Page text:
Roslyn resident Jason Nissen pleaded not guilty last Tuesday to a charge related to allegedly running a $70 million ticket sales Ponzi scheme.

Court records show Nissen entered his plea after waiving a formal indictment before U.S. Magistrate Judge Gabriel Gorenstein in Manhattan federal court.

Nissen’s defense lawyer, Michael Bachner, said he is working toward a plea deal for his client, who is charged with wire fraud.

“It is Mr. Nissen’s intent to work out an amicable resolution, and we saw no reason to force the prosecutors to expend the time to go to a grand jury,” Bachner said in a statement.

Prosecutors allege that from 2015 to May 2017, while Nissen was the CEO of a Manhattan-based ticket broker, National Event Co., he defrauded lenders of millions of dollars.

The firm bought and sold many tickets, but millions of dollars allegedly were used to pay back investors and also were funneled to Nissen’s personal account.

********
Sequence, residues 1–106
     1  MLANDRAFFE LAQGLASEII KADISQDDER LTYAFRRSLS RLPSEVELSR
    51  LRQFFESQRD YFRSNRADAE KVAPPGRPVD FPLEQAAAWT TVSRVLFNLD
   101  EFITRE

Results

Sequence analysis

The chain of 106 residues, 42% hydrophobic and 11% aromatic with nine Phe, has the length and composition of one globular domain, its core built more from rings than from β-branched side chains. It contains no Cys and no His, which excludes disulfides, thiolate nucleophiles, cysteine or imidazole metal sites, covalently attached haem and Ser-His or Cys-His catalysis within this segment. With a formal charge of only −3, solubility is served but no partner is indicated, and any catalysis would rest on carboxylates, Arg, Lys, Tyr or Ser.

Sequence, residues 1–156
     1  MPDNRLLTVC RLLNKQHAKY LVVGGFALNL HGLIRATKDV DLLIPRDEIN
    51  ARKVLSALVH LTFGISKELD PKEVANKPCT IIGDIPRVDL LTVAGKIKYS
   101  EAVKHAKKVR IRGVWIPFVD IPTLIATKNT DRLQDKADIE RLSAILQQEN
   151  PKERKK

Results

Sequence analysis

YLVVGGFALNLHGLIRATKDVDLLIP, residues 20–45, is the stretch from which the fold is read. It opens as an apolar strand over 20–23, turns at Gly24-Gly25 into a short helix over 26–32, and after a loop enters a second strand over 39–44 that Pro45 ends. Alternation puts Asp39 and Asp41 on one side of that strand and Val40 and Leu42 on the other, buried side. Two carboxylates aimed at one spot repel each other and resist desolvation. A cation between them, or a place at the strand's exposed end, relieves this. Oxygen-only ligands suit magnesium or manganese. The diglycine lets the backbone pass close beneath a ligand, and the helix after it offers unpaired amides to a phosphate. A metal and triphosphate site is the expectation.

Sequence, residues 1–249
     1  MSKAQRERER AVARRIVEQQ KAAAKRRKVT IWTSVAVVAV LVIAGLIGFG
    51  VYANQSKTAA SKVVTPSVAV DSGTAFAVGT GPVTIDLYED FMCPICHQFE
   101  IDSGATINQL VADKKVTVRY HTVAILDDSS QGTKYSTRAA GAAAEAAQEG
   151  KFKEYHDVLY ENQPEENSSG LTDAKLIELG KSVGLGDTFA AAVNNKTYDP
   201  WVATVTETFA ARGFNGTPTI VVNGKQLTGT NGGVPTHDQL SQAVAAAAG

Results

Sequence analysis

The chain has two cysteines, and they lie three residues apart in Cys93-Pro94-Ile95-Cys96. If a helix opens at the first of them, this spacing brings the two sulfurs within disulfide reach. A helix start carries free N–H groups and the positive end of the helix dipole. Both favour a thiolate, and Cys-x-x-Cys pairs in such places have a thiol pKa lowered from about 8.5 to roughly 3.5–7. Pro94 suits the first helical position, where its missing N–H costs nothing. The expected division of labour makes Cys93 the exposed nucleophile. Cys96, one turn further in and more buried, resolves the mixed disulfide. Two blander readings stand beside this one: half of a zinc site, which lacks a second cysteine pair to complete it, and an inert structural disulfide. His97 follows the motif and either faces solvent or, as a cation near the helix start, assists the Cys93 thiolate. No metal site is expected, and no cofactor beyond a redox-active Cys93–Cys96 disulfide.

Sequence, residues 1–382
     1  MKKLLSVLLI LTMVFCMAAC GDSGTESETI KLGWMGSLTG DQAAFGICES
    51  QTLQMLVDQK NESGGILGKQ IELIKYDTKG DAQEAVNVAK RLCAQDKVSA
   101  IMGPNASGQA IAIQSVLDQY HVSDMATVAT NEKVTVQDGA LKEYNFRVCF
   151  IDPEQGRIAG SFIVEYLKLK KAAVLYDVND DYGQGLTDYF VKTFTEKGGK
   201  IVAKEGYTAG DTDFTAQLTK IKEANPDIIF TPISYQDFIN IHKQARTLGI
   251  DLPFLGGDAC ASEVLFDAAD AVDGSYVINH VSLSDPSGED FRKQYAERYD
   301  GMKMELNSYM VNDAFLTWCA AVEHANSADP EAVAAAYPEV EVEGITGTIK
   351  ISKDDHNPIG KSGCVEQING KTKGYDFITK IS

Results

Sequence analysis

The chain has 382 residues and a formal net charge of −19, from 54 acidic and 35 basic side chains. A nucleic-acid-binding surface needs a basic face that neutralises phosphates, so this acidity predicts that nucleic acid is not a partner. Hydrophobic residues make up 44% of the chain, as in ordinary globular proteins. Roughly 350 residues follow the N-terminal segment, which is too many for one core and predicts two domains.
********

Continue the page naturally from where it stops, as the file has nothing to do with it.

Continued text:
In the $70 million Ponzi scheme, Nissen allegedly took money to buy and resell tickets to big sporting events such as the Super Bowl and NBA All-Star Weekend as well as the Broadway hit “Hamilton” – only to enrich himself and pay back others.

“They’re inflated numbers. We really had those events and really sold the tickets and they’re inflated, you know, two or threefold depending on how it was,” Nissen said in a taped conversation, according to the complaint.

On June 5, shortly after Nissen’s arrest, National Event Co. filed for bankruptcy, the Wall Street Journal reported. The company had thousands of creditors, less than $10 million in assets and as much as $50 million in liabilities. Company officials laid off all but six employees and closed its Hollywood office.

 

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